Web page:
Case Study Sheen-free Ponds for Hydraulic Fracturing
Multiple Customer Sites Customer
New Mexico and Texas, U.S.A. Location
Objective of the Treatment
Treat hydraulic fracturing produced water for reuse and surface water containment storage: Sheen-free water Oil & Grease: <10 mg/L (Avg. Inlet 202.4 mg/L) Total Suspended Solids: <25 mg/L (Avg. Inlet 195.0 mg/L) Total Iron: <5 mg/L (Avg. Inlet 84.2 mg/L)
Flow Rate: 3,000 – 28,000 BPD
Average discharge levels with MYCELX:
Oil & Grease: 2.7 mg/L
Total Suspended Solids: 14.2 mg/L
Total Iron: 1.38 mg/L
This case study will cover three hydraulic fracturing sites requiring a fail-safe solution for no oil sheen and lower production costs through recycling produced water. According to New Mexico Rule 34 oil sheen compliance requirement, 22.214.171.124 Operational Requirements for Recycling Containments, states that “the operator shall maintain and operate a recycling containment in accordance with the following requirements: The operator shall remove any visible layer of oil from the surface of the recycling containment.”
A single production well in New Mexico’s Delaware Basin was sourcing water from equalization tanks on the pad site. The second location, a multiple production well, was sourcing water from numerous pad sites on a large land lease. The two sites were on a large shale formation that necessitated horizontal drilling but fresh water sourcing is limited and expensive with costs ranging from $2.00 - $3.50 per bbl including delivery to the site. All the operators produced high salinity water from their Delaware Basin operations. The MYCELX system removed TSS and iron so that the service company could effectively reuse the water as frac supply for both slick and cross-linked fluid systems. However, in order to store and recycle 125,000 and 350,000 bbl of water, TSS (Total Suspended Solids) and O&G (Oil and Grease) particulates, iron and VOCs (Volatile Organic Compounds) had to be reduced for regulatory compliance.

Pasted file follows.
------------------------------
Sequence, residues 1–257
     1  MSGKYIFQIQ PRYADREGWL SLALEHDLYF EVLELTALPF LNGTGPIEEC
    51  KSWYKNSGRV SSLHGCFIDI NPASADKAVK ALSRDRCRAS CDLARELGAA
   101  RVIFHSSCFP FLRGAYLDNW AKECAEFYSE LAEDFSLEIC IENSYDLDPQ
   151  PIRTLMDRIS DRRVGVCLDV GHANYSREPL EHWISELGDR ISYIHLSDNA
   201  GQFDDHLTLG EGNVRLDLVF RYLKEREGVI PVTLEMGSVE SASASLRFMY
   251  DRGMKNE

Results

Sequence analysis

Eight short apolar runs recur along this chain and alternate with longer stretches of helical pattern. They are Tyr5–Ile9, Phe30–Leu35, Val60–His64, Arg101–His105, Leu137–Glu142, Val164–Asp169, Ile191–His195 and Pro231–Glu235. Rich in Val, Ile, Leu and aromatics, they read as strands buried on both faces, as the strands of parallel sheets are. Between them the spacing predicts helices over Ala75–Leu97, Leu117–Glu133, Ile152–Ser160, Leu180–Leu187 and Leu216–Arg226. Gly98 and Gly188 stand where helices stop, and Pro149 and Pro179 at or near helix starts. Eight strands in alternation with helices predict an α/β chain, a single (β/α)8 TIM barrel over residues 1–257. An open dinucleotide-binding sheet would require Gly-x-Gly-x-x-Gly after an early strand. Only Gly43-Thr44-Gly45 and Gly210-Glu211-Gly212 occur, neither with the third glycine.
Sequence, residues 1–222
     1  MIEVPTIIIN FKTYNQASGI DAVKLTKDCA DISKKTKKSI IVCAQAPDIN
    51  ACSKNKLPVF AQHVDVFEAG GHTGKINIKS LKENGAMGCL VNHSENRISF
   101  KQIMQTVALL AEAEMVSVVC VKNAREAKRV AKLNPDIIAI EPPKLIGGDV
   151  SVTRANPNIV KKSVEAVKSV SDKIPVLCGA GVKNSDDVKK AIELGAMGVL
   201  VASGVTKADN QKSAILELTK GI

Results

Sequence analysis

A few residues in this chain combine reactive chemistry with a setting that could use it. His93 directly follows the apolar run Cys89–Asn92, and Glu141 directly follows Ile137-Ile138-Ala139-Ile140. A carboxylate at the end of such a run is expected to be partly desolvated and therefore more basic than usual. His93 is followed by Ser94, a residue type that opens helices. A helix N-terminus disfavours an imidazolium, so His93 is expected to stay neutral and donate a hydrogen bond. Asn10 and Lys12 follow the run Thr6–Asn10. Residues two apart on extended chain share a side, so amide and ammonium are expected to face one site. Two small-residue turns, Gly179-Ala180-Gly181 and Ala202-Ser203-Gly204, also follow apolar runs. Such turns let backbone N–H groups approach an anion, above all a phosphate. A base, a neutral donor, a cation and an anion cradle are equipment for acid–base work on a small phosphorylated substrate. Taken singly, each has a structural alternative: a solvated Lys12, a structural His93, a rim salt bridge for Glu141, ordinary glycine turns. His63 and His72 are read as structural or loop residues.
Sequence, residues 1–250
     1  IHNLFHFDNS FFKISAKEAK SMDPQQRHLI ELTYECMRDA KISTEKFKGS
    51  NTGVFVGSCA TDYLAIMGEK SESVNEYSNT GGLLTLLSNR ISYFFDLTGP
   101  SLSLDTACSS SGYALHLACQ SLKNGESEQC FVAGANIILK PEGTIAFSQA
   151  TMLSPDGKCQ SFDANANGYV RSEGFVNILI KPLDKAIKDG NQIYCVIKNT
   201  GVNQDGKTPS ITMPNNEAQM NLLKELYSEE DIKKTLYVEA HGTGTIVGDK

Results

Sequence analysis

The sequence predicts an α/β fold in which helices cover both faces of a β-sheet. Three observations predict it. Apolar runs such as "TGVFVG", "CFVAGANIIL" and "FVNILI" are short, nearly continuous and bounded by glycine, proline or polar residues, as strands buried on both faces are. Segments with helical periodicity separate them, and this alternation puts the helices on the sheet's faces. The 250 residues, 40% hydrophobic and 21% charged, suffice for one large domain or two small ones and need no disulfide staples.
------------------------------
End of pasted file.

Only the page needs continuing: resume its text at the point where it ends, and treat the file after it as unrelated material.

A third multiple production well site in Texas’ Cline Shale was constrained by their lease from bringing new fluids to the site and was not able to drill a water well as originally intended nor has access to disposal wells on the property. This required the operator to recycle 4,000 to 4,200 BPD produced and flowback water to do slickwater fracs in their vertical wells. While Texas regulations are not as conservative as New Mexico, producers must still mitigate oil sheen from their 50,000 bbl water pit.
Working with oilfield service providers, MYCELX engineered site specific sustainable water treatment approaches that allowed producers to recycle and reuse produced water and/or flowback, thus preserving water sources while minimizing the deterioration of roads.
MYCELX employed their RE-GEN systems which incorporates a MYCELX proprietary granular backwashable media and optimizes the efficiency of the MYCELX Polishers. The polishers instantly and permanently removed oil and grease without desorbing or becoming water saturated. An oxidative chemical precipitation of iron was also administered, providing a high quality brine at a lower cost than freshwater, brackish water or other water sources.
- MYCELX reclaimed a combined site total of over 720,000 bbls of water for reuse that was once considered unrecoverable.
- The Cline Shale installation has recovered 190 bbls of sellable skimmed oil out of 115,000 bbl of produced and/or flowback water processed to date.
- Total solutions costs for the Delaware Basin and Cline Shale sites ranged from 35 - 55% savings over conventional water.
- MYCELX’s modular system implementation coupled with fast-to-market rental fleet capabilities eliminates transportation costs to operators that have water routing networks on their leases.